Delinquencies and foreclosures
As of this past November, Maryland’s foreclosure inventory stood at 1
percent of all homes with a mortgage, which was 20 basis points higher
than the national rate of 0.8 percent, according to a report by CoreLogic.
The state’s serious delinquency rate — an indicator of potential future
foreclosures — came in at 3. 5 percent for the same period, which was
a full percentage point above the national rate. The foreclosure inventory in the state declined by 35. 4 percent year over year as of this past
November, however, eclipsing the 30 percent year-over-year decline nationally for that measure
Foreclosure activity in Maryland hit a post-recession high of 16,788
(defaults, auctions and real estate owned recordings) in fourth-quarter
2009 and then declined steadily to a low of 3,251 for third-quarter 2011,
Attom Data Solutions' analysis shows. Foreclosure activity then heated
up again before retreating to a mark of 7,602 for the final quarter of 2016.
Maryland’s unemployment rate never broached the 8 percent mark
during the height of the Great Recession, even as the U.S. unemployment rate hit 10 percent in October 2009, data from the U.S. Bureau of
Labor Statistics show. In fact, Maryland’s unemployment rate has generally tracked about 1 to 2 percentage points below the national rate,
until 2015, when the rates began to converge as U.S. job growth continued at a healthy pace.
As of this past December, the Maryland unemployment rate stood at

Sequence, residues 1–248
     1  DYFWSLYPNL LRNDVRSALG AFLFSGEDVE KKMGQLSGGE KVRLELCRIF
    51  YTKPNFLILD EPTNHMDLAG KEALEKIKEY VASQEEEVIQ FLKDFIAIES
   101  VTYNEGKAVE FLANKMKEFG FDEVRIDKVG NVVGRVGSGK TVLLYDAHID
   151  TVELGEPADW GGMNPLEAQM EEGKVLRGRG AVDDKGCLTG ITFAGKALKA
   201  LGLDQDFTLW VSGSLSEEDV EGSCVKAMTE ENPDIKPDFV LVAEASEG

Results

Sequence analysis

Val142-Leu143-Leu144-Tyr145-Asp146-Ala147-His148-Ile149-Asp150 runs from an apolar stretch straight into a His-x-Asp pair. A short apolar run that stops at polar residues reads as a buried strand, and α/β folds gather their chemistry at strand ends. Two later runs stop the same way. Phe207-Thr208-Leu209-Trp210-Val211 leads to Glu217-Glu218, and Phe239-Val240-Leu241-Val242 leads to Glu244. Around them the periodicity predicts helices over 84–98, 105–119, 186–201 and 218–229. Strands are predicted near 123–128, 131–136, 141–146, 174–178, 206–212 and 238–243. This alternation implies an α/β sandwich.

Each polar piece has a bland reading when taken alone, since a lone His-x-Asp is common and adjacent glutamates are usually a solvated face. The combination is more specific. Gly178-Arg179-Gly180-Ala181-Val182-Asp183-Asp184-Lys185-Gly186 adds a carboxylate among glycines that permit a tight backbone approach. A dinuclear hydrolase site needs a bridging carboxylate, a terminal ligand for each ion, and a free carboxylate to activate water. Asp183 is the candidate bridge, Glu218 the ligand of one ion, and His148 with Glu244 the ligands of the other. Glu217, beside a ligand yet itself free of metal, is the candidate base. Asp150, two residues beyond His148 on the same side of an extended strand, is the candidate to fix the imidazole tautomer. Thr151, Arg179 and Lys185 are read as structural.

4.2 percent, unchanged since August 2016. The U.S. unemployment
rate ticked upward from 4. 6 percent to 4. 7 percent between this past
November and December.
Sources: Baltimore Sun, Bureau of Economic Analysis, Bureau of Labor Statistics,
Corelogic, Federal Reserve Bank of Richmond, Forbes, Lockheed Martin, Marketwatch,
Marriott, Maryland Economic Development Association, Maryland.gov, Metrostudy,
Money, Morgan Stanley, Realtor.com, U. S. Small Business Administration, Visit Annapolis
Bill Conroy is managing editor of Scotsman Guide.
Reach him at (800) 297-6061 or email@example.com.
Maryland’s largest city, with a population of about 621,000, Baltimore
is known as a city of neighborhoods, with some 33 local historic districts and 65 National Register historic districts. Global financial-services
company Morgan Stanley & Co. LLC late last year announced that it is
expanding in the city, with plans to add another 800 jobs to its existing
workforce of 1,000 employees. The median listing price for a home in
Baltimore was $138,000 as of this past November, Realtor.com reports.
This city of nearly 40,000 is Maryland’s capital and home to the U.S.
Naval Academy. It also hosts the annual United States Sailboat Show,
which bills itself as the world’s largest and oldest in-water sailboat
show. Perched on Chesapeake Bay at the mouth of the Severn River, Annapolis is located about 25 miles south of Baltimore and some 30 miles
east of Washington, D.C. The median listing price for a home in Annapolis as of this past November was $524,000, according to Realtor.com.
Located on the northern fringes of the Washington, D.C., metro area,
this community of 61,000 residents is ranked by Forbes as one of the
nation’s most-educated small towns. Bethesda is home to the Walter
Reed National Military Medical Center, which is where the president
has traditionally received an annual check-up, and also hosts the headquarters of aviation giant Lockheed Martin and hotel chain Marriott
International. The median listing price for a home in Bethesda was
$1.168 million as of this past November, according to Realtor.com.
3 Cities to Watch
Maryland Foreclosure Filings
Source: Attom Data Solutions
REO Auction Default